[Courtesy of Center for Constitutional Rights] Hello, Sorry for the delay in further updating you about April 1 changes to the prison telephone contract and our efforts to reach out to families statewide. We FINALLY got word from DOCS about what families should expect on April 1, 2007 (please see below). Because it took so long to get answers from the Governor and DOCS, our postcards have not yet arrived at the office! We will be getting the postcards tomorrow to use for outreach in NYC. If you contacted me earlier this wee wanting some sent to you, we will still send to you in hopes that you will distribute in your community as early as possible. In the meantime, if you are planning to reach out in your community THIS WEEKEND and are able to print the attached flyer (English & Spanish text included), please do so! It has all of the information that is mentioned in the postcard. For those in NYC who would like to help with bus outreach, we will be doing outreach Friday, March 30 and Saturday, March 31. Please see below for how to meet up with us and help out! The more folks we have, the more we can get the word out! In this email: ************************************************ NEWS ON APRIL 1 CHANGES OUTREACH MATERIALS & PLANS FOR NYC FEEDBACK NEEDED FROM FAMILIES ************************************************ Also, much thanks and praise should go out to Rafael Mutis who quickly translated information we received from Gov. Spitzer on Tuesday into Spanish so we could sent the postcards to print right away. Thank you, Rafael!_____________________ _____________________ lauren melodia | center for constitutional rights | 666 broadway 7th floor | ny ny 10012 | 212.614.6481 NEWS ON APRIL 1 CHANGES The following text is a response from DOCS in regards to the questions we have been asking since Gov. Spitzer announced his elimination of the state’s 57.5% commission from the NYSDOCS prison telephone contract. As you’ll notice, they failed to give us real answers about many of our concerns. All the more reason why we need YOU to help us build pressure and continuing pushing for change! From DOCS: 1. Why is there only going to be a 50% reduction in rates, when the commission is 57.5%? In consideration of the rates dropping, there is an anticipated increase in call volume. National data suggests that if call rates drop 10%, call volume will increase 5%. Based on our current infrastructure, DOCS projects that we have enough phones to handle a 20-25 percent increase in calls on April 1, 2007 without disrupting service to inmates/families. DOCS monitors call volume. If volume increases 18% or more within the six months of April-Sept 2007, DOCS contract allows for a further rate reduction of 7.5%. This will provide sufficient time and data for us to increase phones if we need to and further reduce rates. 2. The phone bills will go down 50%, effective April 1, 2007. Does this mean the surcharge (currently $3) will now be $1.50 and the per rate minute (currently 16 cents) will go down to 8 cents? What is the new rate going to be? Correct - phone rates will be $1.50 to connect and $.08/minute effective April 1, 2007. 3. Currently the rates are the same whether or not people are calling local, in-state or out-of-state. Will that stay the same? Yes - phone rates will be the same for local/in-state and out of state calling. 4. What will happen to those families with blocks on their phones? The phones were blocked because they were unable to pay the high rates. Phones are blocked for the following reasons: the customer asked for it to be blocked; the phone is incapable of receiving a collect call (i.e. gov't phones);the customer has not paid their phone bill; the customer's local phone company does not have a reciprocal billing arrangement with MCI/Verizon. That process will not change - the Department must be able to ensure that calls are blocked when individuals do not wish to receive calls from inmates (Crime Victims frequently request this for example). The phone company must have a method to control bad Dept. When customers pay their back bills, phone service can be restored. DOCS and MCI customer service are committed to assisting families with the nuances of navigating the local service issues. 5. There was discussion about a further drop in rates once the April 1 contract went into effect? Is there any more information on this? How would this work? If volume increases 18% or more within the six months of April-Sept 2007, DOCS contract allows for a further rate reduction of 7.5%. This will provide sufficient time and data for us to increase phones if we need to and further reduce rates. 6. Are there any details on the RFP process starting in August 07 for the 2008 contract? The State Finance laws and procurement guidelines limit what DOCS can disclose about the RFP, but the focus will be to provide inmate call services at best value, while maintaining the system requirements to provide security and protection for customers and crime victims. 7. There are also rumors circulating among prisoners, as well. Some have heard they are getting debit cards on April 1, 2007. Others have said that MCI customer service reps have said, "We don't know anything about this decision by the Gov. and our rates are not changing April 1, 2007." Clearly, we need to dispel these myths." Debit cards are not being introduced. The system will remain a collect-call only system for the duration of the existing contract. MCI has begun to notify their customer service representatives that it is appropriate to acknowledge that call rates will decrease on April 1, 2007. They did not do that prior so that customers would not be mislead into thinking that current calls could be made under the new rates. The Department will notify the facilities of the changes. OUTREACH MATERIALS & PLANS FOR NYC As mentioned before, we are printing postcards with information about the contract changes and our unmet additional demands in regards to the prison telephone contract. If you have contacted me previously to have some sent to you, we will send them out TOMORROW and they should arrive early next week. While we were hoping to hit the streets statewide to distribute the information this weekend, the information WILL STILL BE RELEVANT next week, and I encourage you to consider finding a way to reach out to families in your area in whatever way you can. If you were planning on hitting the streets this weekend, please see the attached flyer which you can print for those purposes. NYC Plans: We will be reaching out to families at bus stops around the city Friday, March 30th and Saturday, March 31st. The more people we have, the more boroughs and stops we can reach! If you live in or near NYC, please join us! Our plan now is to reach out to the bus stops on 34th Street and Columbus Circle in Manhattan. However, if you live in Brooklyn, Queens or the Bronx, please stop by Friday anytime in the afternoon or evening to pick up postcards and reach out in your borough. Please call 212.614.6481 and/or email lmelodia@ccr-ny.org to sign up for bus outreach! FRIDAY, March 30th OUTREACH 7:00PM Meet at CCR (666 Broadway, 6th Floor) We will send out teams to 34th Street, Columbus Circle and possibly outer boroughs based on our numbers. 8:00pm – Leave CCR to go to stops 8:30 – 10:30pm Outreach at stops SATURDAY, March 31st OUTREACH 7:00PM Meet at CCR (666 Broadway, 6th Floor) We will send out teams to 34th Street, Columbus Circle and possibly outer boroughs based on our numbers. 8:00pm – Leave CCR to go to stops 8:30 – 10:30pm Outreach at stops If you are unable to meet up at 7:30pm but would still like to help, please contact me at 212.614.6481 or lmelodia@ccr-ny.org and we will figure out a way for you to meet up with one of the teams. FOR EVERYONE: We all need to do our part to inform our families, friends and loved ones on the inside of these changes, as there are a lot of rumors circulating and confusion. Please write you loved ones on the inside and let them know what changes are occurring with the contract on April 1, 2007. Please forward this email to your friends and family who are also affected by this contract and call or write those you know that do not have email access. FEEDBACK NEEDED FROM FAMILIES This week, some interesting phone calls have been coming into our office; we need to hear from you to find out if these are rumors, affect only certain individuals or if these issues affect EVERYONE. Please let me know: Have you or anyone you know received any letters from MCI or Verizon announcing the contract being transferred to Global Tel Link? Have you or anyone you know been contacted by MCI/Verizon about opportunities to receive refunds? If your answer is YES to any of these questions, please send me copies of any letters you have received by mail or fax. Please call and give me a heads up, as well!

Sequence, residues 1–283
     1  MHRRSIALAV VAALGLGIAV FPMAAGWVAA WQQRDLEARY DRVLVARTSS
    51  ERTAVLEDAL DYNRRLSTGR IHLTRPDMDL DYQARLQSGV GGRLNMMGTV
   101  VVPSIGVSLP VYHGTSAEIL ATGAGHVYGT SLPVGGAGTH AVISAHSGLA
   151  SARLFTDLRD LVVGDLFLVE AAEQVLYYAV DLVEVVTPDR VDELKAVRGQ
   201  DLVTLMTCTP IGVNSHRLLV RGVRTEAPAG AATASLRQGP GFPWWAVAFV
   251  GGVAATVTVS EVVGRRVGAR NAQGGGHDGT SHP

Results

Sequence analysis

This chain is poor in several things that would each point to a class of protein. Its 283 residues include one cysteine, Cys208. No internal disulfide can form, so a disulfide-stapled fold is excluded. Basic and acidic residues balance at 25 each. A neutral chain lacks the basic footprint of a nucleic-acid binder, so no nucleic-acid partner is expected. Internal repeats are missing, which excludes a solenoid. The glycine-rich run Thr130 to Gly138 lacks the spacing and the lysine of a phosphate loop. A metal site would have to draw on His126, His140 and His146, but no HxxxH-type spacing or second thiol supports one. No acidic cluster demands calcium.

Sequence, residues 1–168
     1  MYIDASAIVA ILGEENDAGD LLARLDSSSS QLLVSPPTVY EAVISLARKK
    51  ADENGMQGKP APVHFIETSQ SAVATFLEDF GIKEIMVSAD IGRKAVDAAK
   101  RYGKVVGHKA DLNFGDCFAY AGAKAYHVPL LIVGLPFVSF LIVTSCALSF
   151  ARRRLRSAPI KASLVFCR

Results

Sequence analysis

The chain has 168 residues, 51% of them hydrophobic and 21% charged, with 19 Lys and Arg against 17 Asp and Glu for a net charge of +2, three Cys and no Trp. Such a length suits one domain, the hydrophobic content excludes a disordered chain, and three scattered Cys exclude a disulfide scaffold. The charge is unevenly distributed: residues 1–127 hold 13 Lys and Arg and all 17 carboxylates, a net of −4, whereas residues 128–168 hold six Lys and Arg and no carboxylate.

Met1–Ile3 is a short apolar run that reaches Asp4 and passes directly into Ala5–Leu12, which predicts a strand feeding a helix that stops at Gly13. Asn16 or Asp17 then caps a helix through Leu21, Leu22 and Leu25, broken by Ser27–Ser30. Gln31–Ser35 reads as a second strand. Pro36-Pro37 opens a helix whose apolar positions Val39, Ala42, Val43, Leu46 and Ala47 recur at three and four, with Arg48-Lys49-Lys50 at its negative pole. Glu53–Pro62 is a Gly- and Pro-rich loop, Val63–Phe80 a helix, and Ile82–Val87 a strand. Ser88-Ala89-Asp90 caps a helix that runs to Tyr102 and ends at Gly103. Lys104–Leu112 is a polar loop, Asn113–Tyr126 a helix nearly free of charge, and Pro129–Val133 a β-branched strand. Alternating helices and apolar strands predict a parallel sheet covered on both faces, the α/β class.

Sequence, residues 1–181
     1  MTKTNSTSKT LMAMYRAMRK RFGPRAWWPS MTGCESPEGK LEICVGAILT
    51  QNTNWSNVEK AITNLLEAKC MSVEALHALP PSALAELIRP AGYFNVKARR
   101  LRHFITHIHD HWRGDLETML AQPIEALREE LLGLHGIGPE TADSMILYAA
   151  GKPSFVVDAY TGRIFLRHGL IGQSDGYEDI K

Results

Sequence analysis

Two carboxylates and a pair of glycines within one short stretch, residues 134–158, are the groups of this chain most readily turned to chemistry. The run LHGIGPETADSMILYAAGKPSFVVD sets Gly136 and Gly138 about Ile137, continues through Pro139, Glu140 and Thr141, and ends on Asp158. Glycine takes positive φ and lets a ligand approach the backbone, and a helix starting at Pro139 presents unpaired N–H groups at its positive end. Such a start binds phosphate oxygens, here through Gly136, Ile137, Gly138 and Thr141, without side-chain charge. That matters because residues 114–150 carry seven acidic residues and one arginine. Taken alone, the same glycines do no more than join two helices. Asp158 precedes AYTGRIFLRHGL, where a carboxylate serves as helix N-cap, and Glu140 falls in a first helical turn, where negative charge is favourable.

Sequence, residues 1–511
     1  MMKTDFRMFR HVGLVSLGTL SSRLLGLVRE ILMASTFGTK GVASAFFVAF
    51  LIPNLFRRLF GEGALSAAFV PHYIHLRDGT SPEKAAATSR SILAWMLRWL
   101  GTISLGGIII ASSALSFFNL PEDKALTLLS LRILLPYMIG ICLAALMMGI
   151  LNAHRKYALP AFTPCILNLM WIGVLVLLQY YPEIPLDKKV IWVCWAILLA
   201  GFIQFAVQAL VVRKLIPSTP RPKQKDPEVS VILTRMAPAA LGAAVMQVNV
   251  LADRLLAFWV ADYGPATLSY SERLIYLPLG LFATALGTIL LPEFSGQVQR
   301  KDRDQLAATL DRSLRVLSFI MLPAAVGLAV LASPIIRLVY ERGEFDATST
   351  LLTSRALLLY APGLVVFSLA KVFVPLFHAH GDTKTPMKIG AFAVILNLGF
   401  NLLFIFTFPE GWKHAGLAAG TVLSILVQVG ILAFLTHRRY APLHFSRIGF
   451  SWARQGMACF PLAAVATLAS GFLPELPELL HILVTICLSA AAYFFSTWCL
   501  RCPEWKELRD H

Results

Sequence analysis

Location: